Before launching into our APT tirade, let’s take a peek at the fundamentals, plenty is going on, starting with cash:
Not to be surprised, Friday’s on peak for Monday was a blowout. What is surprising is the tag-along effect. Check out the Mid-C’s ridiculous 14k heat rate for today. Hey, the DC is down, it rained buckets, and loads are nowhere, yet the market clears a crazy 14k. We get the ISO prices; those make sense; the Mid-C’s clear makes nonsense.
Socal Gas still trades a healthy $0.40 premium to PG&E and is off the charts relative to Socal Border and the Northwest. That too shall pass, soon, once LA works through its latest heat wave. That is coming.
LA, as reflected by Burbank, will be scorching hot today, tomorrow, and then fall off quickly; by week’s end the city barely posts normals, and those are a very bearish mid-70s. The rest of the state isn’t that hot; Sacramento struggles with the mid-80s for highs, yet go back to the NP heat rate and price – both off the charts for this time of the year. We’re surprised there wasn’t more congestion built into today’s cash price given the weak fundamentals in the northern part of the state. Gas Noms support that congestion:
SP nominated at levels reminiscent of a hot summer day, which is what today will be — in fact, warmer than 90% of this summer’s days. NP nominated like a chilly summer day, which is what today will be like. Palo is awash in unused gas capacity, and the MidC merely reflects a tight outlook for water, one that is growing less bullish by the day.
Palo isn’t nominating much and temperatures are in the high 90s; what happens when temperatures are in the mid-80s? We’ll find out soon, by this weekend Phoenix will be there; the only saving grace is planned outages – a nuke is offline and most likely several coal plants are either in or soon to start, their fall maintenance.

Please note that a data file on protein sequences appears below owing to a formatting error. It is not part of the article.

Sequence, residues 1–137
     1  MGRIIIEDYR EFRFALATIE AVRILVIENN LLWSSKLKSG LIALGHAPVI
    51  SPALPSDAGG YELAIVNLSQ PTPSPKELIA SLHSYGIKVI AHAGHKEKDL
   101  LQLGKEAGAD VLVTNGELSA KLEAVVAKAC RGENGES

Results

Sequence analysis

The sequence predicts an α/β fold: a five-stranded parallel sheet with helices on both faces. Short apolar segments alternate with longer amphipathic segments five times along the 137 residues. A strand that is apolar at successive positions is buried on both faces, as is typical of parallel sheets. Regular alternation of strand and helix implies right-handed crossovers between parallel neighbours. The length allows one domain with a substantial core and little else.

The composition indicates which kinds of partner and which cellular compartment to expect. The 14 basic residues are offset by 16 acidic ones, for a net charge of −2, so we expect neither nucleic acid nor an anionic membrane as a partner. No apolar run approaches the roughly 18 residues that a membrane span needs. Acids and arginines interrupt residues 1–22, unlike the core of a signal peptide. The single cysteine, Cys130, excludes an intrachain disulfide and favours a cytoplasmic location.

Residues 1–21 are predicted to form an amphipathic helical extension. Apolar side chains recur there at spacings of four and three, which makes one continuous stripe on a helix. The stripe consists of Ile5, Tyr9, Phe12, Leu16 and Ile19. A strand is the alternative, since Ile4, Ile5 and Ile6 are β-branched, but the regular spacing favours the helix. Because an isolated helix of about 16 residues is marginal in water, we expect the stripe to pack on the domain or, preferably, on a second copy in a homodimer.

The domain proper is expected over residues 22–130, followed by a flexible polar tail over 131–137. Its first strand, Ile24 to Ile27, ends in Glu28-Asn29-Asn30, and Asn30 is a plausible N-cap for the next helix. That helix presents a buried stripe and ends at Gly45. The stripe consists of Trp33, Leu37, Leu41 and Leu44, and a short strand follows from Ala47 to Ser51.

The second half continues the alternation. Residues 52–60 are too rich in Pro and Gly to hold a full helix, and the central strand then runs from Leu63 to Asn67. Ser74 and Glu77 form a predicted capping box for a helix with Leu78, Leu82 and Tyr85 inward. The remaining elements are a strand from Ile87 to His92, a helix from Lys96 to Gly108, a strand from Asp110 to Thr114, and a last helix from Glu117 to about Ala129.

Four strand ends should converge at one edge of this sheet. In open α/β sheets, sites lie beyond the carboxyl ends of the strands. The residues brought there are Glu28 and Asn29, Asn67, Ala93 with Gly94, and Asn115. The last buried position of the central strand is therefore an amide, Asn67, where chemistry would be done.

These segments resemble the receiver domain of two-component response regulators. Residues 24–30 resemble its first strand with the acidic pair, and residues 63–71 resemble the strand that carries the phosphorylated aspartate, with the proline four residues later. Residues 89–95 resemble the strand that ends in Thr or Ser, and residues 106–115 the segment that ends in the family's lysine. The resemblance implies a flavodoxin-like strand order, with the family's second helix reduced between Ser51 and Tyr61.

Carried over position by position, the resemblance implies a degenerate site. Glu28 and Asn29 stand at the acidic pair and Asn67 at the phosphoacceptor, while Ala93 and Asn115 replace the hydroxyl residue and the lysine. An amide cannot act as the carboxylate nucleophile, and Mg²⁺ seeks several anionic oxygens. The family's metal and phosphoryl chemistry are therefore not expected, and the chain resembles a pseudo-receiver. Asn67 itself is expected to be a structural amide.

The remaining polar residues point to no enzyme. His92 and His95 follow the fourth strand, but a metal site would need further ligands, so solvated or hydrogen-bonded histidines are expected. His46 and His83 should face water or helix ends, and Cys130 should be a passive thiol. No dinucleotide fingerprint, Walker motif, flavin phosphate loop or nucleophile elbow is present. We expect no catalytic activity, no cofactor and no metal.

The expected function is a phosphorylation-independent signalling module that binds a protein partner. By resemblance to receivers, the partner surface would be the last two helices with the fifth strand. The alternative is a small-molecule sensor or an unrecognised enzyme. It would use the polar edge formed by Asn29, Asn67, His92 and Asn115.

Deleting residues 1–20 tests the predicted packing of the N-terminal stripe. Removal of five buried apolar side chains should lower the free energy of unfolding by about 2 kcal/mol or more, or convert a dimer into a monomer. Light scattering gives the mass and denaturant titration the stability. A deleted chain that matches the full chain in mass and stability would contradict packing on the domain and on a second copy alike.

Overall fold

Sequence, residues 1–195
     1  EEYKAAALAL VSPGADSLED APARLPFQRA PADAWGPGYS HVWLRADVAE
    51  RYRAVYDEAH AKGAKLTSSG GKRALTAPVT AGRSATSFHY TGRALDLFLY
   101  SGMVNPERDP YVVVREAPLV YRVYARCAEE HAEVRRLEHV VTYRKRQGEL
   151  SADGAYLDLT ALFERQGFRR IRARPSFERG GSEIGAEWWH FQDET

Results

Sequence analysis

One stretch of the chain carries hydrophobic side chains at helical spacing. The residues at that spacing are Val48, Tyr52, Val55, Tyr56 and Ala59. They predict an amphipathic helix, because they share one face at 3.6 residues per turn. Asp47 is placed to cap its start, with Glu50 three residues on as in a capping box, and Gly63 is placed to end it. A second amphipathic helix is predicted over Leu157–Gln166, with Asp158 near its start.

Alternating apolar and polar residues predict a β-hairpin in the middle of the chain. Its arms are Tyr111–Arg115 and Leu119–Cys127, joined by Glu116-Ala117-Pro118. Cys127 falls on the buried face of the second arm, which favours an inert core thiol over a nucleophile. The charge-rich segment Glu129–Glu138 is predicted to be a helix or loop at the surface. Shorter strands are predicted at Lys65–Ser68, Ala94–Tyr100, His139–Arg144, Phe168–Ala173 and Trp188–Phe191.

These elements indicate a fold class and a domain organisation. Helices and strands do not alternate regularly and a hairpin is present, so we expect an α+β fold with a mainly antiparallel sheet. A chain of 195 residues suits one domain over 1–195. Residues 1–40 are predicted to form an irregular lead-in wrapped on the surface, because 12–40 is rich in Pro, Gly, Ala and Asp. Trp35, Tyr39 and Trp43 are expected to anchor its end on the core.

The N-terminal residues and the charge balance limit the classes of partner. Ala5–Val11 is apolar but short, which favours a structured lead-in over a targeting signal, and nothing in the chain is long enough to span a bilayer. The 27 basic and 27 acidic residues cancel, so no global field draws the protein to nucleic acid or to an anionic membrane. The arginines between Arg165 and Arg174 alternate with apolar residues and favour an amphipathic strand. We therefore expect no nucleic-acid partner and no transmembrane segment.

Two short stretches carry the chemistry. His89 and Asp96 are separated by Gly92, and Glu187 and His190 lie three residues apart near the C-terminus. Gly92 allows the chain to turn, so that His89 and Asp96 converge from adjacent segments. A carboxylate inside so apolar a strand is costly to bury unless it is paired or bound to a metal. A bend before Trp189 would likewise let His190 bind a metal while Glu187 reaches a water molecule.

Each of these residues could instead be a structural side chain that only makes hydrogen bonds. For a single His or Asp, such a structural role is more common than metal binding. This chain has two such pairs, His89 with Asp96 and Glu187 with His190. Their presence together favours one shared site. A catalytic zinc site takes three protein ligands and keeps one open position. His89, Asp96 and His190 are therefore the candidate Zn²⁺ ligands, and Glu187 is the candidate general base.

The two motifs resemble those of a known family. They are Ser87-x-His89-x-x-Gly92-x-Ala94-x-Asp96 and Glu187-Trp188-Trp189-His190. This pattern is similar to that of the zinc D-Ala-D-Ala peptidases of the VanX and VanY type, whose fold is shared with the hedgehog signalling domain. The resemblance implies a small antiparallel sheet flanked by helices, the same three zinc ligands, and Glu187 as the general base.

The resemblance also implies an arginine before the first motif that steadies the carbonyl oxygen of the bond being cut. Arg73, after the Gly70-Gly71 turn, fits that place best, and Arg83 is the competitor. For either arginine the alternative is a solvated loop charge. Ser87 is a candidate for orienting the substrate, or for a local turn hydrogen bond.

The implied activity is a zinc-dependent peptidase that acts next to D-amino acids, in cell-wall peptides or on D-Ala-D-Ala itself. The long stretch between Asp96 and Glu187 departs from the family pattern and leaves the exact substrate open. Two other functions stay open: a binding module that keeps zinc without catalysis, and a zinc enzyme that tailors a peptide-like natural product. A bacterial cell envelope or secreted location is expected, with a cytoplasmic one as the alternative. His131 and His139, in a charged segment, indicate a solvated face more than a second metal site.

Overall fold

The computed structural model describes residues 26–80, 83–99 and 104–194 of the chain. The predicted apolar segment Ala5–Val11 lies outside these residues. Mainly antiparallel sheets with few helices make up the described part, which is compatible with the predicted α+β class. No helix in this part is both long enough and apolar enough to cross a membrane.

The Northwest has a different opportunity at hand – cold weather. Not this week, next week, the region will experience its first material cold event with both Portland and Seattle dropping into the low 30s for lows. Nothing close to the much-feared Siberian Express but those couple of days will be the coldest of WY18. Meanwhile, the hub is just temperate for this time of the year.
The heat arrived in LA yesterday and will grow for the next couple of days. The Dodgers are red-hot, and so is their stadium. Phoenix was kind of hot yesterday but look at Vegas, barely hit the 80s, which makes the silly PV heat rates for today look even sillier. The Northwest is almost ten degrees warmer than last week.
ISO loads are flat, week-on-week, while PV and the Mid-C are off sharply. All of which suggests the ISO should expect to be flooded with energy from its neighbors, except for the DC which is off-line.
On top of that extreme heat, the ISO is also ramping up its fall outages:
Both NP and SP are up, week-on-week. Most of this rally is coming from Planned Outages:
I bet the ISO wished it would have scheduled these for a week later, but it didn’t, and we wouldn’t be surprised to see LA set CY17 highs today and tomorrow in the HA markets.
The weekend prices were becalmed, partially, by a stiff breeze that blew across the WECC. All hubs sported rallies in weekend wind energy.
We aren’t Genscape, but we do get some interesting insights into selected plants thanks to the EIA’s Open Data Initiative. The above are hourly plots for three Palo gas plants. They opted to become Balancing Authorities and now are trapped into reporting their hourly generation and interchanges — ooops. Too bad every plant doesn’t report.